In response to challenges posed by the pandemic, Faculty Senate adopted a credit/no credit policy for the fall semester. (Letong Zhang/B&W Staff)

Faculty Senate confirms credit / no credit policy for fall semester


Lehigh’s Faculty Senate voted in favor of adopting a similar academic grading policy for the fall semester as was implemented during the spring 2020 semester in which students will have the option to select from a credit/no credit policy for their courses.

The new policy will be made official pending verification from the Registrar’s Office and forthcoming email to the campus community.

Due to rising challenges as a result of the COVID-19 pandemic, students had been seeking a change to the grading policy. 

David Peterson, ‘21, a Student Senator, created a petition for students to sign to gain support for a pass/fail option for the semester. There are 1,964 signatures so far.

“The goal was to get the rough idea of how many students wanted this as an option,” Peterson said. 

The Registrar has already extended the add/drop policy until Dec. 4, which is weeks later in the semester than the usual add/drop date. 

Out of the 4,890 undergraduate students enrolled at Lehigh last spring, 48 percent selected the CR/DCR/NCR policy, meaning they opted for the credit/no credit policy for at least one course over the traditional letter grading system that gets factored into GPA calculations. The policy allows a student to potentially earn credit for completing a course without it impacting the student’s GPA.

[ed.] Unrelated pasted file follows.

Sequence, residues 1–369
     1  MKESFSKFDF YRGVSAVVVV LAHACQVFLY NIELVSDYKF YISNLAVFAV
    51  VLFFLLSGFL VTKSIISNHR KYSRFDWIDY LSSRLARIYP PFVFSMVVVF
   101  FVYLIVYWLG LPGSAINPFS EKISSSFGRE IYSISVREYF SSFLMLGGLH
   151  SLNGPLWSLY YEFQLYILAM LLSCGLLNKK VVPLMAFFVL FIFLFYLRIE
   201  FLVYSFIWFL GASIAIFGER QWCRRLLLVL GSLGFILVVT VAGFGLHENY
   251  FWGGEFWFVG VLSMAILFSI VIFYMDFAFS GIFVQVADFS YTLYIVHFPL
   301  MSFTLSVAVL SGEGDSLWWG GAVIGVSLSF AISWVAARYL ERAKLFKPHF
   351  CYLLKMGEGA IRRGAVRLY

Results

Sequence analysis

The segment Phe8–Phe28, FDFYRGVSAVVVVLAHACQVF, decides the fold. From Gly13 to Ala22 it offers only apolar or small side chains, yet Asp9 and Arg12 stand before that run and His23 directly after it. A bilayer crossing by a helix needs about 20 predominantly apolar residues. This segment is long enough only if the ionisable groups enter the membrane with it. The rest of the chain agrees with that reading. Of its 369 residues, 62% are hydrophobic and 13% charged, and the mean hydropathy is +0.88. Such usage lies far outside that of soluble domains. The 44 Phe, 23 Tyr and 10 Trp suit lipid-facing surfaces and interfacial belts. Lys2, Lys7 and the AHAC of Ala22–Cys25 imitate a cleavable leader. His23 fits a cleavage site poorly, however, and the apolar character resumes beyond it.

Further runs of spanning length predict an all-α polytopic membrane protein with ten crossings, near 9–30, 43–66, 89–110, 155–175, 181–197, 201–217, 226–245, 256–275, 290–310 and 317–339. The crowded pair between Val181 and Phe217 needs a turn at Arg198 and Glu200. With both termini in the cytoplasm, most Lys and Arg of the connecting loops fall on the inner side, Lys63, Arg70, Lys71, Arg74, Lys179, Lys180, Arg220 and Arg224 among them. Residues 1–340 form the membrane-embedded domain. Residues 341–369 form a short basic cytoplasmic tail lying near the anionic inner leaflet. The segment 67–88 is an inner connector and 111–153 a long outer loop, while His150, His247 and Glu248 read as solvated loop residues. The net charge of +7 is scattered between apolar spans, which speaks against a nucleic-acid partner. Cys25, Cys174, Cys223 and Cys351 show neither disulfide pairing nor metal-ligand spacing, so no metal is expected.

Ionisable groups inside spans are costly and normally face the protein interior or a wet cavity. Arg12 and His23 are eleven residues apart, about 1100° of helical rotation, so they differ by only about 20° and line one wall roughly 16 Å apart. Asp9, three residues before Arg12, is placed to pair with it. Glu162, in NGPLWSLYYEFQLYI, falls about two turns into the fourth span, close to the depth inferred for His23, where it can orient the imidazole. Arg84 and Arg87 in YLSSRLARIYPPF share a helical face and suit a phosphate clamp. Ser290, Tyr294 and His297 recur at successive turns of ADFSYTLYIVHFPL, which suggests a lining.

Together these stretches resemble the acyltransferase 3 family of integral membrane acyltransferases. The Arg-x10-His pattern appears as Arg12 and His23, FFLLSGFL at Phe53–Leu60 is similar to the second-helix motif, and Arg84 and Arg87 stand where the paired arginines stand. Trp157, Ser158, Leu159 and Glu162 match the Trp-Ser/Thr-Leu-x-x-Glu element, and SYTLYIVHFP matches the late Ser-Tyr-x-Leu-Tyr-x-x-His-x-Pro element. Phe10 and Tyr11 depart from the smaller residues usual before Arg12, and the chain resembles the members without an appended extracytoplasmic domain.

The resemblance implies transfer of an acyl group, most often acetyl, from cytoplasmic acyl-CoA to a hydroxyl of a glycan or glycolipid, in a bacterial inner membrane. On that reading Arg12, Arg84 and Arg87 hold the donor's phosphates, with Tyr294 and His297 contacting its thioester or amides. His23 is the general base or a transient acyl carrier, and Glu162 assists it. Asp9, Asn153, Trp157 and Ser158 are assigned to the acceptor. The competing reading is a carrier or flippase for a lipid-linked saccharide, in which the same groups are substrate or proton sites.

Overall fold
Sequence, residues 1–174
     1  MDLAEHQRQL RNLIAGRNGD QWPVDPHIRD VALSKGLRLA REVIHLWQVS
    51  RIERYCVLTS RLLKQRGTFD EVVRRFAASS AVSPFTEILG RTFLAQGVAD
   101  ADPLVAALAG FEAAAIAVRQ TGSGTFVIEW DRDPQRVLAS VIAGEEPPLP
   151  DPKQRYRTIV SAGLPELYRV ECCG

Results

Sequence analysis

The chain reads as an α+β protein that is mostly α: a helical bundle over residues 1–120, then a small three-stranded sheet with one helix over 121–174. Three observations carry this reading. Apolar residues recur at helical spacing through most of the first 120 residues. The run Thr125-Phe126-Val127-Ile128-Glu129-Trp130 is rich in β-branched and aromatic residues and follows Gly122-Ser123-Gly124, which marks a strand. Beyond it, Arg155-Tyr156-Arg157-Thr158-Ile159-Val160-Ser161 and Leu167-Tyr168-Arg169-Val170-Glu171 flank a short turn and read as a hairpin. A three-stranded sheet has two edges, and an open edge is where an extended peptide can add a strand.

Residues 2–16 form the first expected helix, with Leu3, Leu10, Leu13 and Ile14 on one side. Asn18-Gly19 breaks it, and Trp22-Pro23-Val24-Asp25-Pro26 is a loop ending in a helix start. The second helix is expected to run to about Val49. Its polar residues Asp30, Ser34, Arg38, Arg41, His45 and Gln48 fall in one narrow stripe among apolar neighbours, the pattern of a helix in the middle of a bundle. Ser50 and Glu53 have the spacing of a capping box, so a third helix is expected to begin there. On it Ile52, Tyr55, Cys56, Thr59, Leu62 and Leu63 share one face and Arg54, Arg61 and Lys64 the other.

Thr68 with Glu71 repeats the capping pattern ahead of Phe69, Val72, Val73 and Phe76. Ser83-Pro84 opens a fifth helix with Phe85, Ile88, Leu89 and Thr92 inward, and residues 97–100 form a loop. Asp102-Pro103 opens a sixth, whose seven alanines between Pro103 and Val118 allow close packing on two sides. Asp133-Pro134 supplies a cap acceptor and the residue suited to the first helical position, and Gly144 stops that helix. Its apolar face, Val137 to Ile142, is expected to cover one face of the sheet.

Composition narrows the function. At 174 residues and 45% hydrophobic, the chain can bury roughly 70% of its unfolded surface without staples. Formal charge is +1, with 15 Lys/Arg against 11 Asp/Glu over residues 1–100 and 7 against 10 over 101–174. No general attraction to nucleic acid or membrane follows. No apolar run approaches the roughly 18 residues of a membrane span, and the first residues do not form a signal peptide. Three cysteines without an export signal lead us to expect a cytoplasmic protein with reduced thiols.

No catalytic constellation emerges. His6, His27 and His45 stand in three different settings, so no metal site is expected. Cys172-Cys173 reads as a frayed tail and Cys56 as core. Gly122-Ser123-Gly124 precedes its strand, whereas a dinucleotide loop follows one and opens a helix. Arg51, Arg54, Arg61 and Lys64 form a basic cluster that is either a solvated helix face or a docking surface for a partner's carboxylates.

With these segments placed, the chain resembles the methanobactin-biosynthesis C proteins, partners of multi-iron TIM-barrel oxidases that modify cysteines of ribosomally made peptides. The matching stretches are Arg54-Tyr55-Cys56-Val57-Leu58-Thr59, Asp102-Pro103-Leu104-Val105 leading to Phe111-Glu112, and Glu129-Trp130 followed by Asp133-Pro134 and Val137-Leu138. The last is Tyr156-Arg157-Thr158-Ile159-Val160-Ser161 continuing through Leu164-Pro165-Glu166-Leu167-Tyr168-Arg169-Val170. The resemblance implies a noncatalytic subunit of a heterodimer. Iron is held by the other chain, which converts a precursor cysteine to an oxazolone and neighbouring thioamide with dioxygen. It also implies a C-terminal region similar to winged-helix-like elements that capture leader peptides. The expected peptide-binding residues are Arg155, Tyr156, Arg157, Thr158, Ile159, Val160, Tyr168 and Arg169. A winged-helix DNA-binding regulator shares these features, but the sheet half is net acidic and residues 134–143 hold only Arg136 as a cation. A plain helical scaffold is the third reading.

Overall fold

In the spring, a student can opt for the CR category to replace a C- or better and receive full credit. A DCR can be chosen in place of a D letter grade. Credit is given, but a DCR may not fulfill certain requirements or prerequisites. An NCR replaces an F and credit is not given.

In Friday’s Senate meeting, Frank Gunter, a professor of economics, said the fall 2020 policy will mimic a similar policy as in the spring with one minor change.

“Students must make a decision about the credit/no credit policy before the end of the semester, and before they have received their final grades,” Gunter said. 

In the spring semester, students were able to decide if they wanted the CR/NCR/DCR policy after receiving their final grades.

The date for when students must submit their decision has not been officially decided yet.

Students who opt in to the CR/NCR/DCR credit system will be excluded from dean’s list consideration.

Other concerns regarding this policy include student grades not being accessible to advisers. When students opt in to the credit/no credit policy, the letter grade is not displayed for the course. Instead, transcripts read either CR, NCR or DCR for those students.

Jenna Lay, an associate professor of English, said that was a concern from an advising point of view and wondered how to “better support these students.”

“It is a lot harder to advise students with CR/DCR/NCR,” Lay said, since the letter grade status of a student is unknown. 

Another concern was the notion of some courses being prerequisites for higher level courses. Adopting the policy for credit/no credit for a basic level course could possibly affect the weak foundation a student may have when continuing to higher level courses. 

The adopted policy for this semester, however, is more intended to alleviate stresses and pressures placed on students rather than erase a bad grade from a student’s transcript or GPA.

“Grades are not reflective of a students’ ability right now,” said Alyssa Milrod, ‘23, a member of Student Senate, noting the challenges of virtual instruction. “Study skills are not being gained from online courses. Grades are not always an accurate measure of a students’ work ethic.”

The Faculty Senate’s executive committee is on track to settle on a date with the Registrar by which students must decide whether or not to opt in to the credit/no credit policy for individual courses. 

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